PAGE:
Kinsley: Let’s not lose our heads

by Ben Kinsley

What is it about climate change that elicits such a panic in us? Perhaps it is the unrelating force of  nature? The overwhelming sense of powerlessness we feel when storms, wind, fire, and water encroach  upon our lives. In the face of such (un)natural disasters, maybe we clutch to whatever agency we can  muster? Or, could it be that the prospect of our grandchildren not experiencing the same planet we did  terrifies us. It could be a bit of both, or a whole host of other reasons. 

Whatever the reason may be, this myopic focus on the carbon mitigation flavor of the day does not serve  us well. Yes of course we should highlight practical everyday steps we can all take to lessen our own  impact on the planet. However, many of the conversations taking place among policymakers in our state  have focused so closely on specific carbon mitigation efforts that other important factors have fallen by  the wayside.  

My guess is that most Vermonters view protecting our environment as an ethical obligation. We also  view taking care of our neighbors, self-sufficiency, and sustainable living as part of our ethos. What does  that mean? It means that we value clean water, rich soils, thriving forests, and healthy people as much as  we value clean air. Our pursuit of each of these goals are not mutually exclusive but they can be at odds  from time to time in the context of how we, as a state, deploy our resources. 

Here are some examples:  

1. Vermont has finite taxing capacity and finite budgetary resources (that is unless Champ suddenly  starts dragging up sunken treasure from Lake Champlain). If we continue down the path of  throwing more money and regressive financial burden on Vermonters, we risk undermining the  health of our social fabric. A dichotomy we should not take lightly.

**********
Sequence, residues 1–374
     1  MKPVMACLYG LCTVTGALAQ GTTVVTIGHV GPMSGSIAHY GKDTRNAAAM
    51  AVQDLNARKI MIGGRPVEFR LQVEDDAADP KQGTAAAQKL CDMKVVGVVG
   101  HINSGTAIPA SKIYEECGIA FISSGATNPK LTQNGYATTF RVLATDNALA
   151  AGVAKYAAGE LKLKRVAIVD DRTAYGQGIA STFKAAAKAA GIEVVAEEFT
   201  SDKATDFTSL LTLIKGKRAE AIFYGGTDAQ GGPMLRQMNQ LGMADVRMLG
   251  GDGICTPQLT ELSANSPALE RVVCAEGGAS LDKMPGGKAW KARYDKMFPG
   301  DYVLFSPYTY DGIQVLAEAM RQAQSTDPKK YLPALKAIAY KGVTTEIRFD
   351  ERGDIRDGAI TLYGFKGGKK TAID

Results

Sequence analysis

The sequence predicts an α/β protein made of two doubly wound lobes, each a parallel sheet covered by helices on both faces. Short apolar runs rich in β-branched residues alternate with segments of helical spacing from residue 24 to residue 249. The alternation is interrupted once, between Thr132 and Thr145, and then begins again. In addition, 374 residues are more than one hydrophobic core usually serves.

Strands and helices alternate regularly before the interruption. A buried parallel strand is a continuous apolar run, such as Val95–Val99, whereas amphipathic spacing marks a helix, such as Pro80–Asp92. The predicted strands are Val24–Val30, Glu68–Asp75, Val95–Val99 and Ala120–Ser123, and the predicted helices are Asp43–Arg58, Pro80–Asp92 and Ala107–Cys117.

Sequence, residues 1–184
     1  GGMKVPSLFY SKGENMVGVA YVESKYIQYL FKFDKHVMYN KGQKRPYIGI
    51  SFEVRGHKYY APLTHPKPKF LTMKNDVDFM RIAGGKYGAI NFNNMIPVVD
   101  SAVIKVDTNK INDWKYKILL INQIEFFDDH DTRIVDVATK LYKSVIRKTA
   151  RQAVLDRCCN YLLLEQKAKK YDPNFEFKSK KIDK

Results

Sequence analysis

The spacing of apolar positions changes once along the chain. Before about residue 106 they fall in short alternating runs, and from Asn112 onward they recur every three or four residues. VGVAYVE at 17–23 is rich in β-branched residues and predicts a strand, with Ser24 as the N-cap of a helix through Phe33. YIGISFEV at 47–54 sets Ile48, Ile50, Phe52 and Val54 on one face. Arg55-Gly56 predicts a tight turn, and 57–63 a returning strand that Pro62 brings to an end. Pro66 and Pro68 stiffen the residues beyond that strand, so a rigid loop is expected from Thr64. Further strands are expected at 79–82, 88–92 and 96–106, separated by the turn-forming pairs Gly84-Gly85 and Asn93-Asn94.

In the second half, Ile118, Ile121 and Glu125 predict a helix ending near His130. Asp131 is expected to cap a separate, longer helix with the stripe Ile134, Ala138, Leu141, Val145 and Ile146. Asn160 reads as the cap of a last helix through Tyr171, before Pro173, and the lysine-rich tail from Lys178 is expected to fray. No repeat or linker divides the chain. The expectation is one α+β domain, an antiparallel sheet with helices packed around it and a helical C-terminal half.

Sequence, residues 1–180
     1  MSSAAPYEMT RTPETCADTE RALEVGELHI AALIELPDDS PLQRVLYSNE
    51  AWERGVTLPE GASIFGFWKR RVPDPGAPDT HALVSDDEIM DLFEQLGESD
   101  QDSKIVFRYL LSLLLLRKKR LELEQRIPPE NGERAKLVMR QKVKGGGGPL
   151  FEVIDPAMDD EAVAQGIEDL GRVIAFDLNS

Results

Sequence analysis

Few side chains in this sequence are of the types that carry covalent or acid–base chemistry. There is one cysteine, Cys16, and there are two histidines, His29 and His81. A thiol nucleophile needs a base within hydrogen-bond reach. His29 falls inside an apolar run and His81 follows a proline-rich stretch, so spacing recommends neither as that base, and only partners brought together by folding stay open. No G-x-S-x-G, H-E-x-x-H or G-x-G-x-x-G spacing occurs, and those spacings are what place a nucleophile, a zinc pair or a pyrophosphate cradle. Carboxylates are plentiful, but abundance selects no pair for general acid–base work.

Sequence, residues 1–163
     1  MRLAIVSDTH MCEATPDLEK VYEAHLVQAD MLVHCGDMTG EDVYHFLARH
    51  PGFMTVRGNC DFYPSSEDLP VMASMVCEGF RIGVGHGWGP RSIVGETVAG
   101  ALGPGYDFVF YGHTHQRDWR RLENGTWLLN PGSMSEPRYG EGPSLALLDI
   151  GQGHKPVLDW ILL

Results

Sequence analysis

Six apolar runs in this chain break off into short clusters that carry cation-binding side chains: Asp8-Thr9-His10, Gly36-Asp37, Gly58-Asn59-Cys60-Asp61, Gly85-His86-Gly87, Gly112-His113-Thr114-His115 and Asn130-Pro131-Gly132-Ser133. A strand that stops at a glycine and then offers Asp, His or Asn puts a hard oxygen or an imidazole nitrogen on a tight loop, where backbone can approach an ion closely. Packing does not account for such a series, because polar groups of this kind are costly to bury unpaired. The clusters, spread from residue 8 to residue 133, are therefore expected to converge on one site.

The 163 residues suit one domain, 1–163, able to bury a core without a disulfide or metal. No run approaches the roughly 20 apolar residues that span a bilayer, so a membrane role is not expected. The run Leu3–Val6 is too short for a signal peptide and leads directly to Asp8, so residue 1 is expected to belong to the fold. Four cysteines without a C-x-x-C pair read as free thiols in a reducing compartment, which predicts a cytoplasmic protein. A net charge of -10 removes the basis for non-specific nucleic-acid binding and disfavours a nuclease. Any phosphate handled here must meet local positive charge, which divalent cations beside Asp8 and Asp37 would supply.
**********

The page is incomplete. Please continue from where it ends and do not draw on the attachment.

2. Arguably, the water pollution generated by our agricultural fields and municipal wastewater  systems have a far greater impact (at least locally) on our ecosystem and quality of life of our  residents. Imagine if we spent the same time and effort on solving that problem that we spend  on discussions around reducing carbon emissions? 

3. Zoning rules at the state level incentivize building in compact downtown areas (aka flood zones)  while local zoning often restricts density, pushing development to the outskirts of town. The net  effect is little new housing development and the housing that is built often disrupts either forest  ecosystems or waterways, or both. Yet not building the housing harms Vermonters. This is a  

great example of where issues related to all three aspects have been leveraged for political gain,  most often gentrification. 

The point I am making here is that every action we take has an impact on our environment. Some of  those impacts can be felt much closer to home than our carbon emissions are felt. I was fishing in St.  Albans bay this fall and the algae bloom was so thick that you couldn’t see the bottom in two feet of  water. We did that. Vermonters did that. 

While panic around climate change is understandable, we can’t lose our heads. There are real ecological  issues that we should be dealing with that impact us even more directly than carbon emissions currently  do. We can balance all of these things, but there is more to being an environmentalist and a humanist  than carbon-cutting. 

Ben Kinsley has over a decade of public policy experience in Vermont. Working for non-profit  organizations, he has shaped public policy in areas such as education, elections, and ethics. He 

currently serves on the board of directors for Campaign for Vermont, a non-partisan advocacy  group seeking to grow the state’s middle class.

Categories: Commentary, Environment

3 replies »

  1. There is about as much evidence that climate change is man-made as there is that the COVID shot is safe and effective. That is to say – none at all.

    We ought to stop getting duped by tyrants who seek only to subjugate us. Carbon is not the enemy of our grandchildren. But as history has shown us with stark clarity, tyrants definitely are.

  2. Ben,
    I suggest you read this Wall Street Journal Bestseller, ‘Global Warming: The Great Deception’, by Guy K. Mitchell, Jr. “Global Warming” is about power and control. It’s about building a totalitarian society: “Everything in the State; Nothing outside the State; Nothing against the State.

  3. Mr. Kinsley, most of us here reading VDC get it. You are, in effect, preaching to the choir. But unless and until I see your commentary published on VT Public, VT Digger, or Seven Days, you will be standing beside the rest of us here, ‘spitting into the wind’.

    Yes, at least VDC, and perhaps VT GROK, are putting up the ‘good fight’. But what about all of those Vermonters who have already lost their collective heads? Those who refuse to read VDC? It’s the ‘zombie apocalypse’.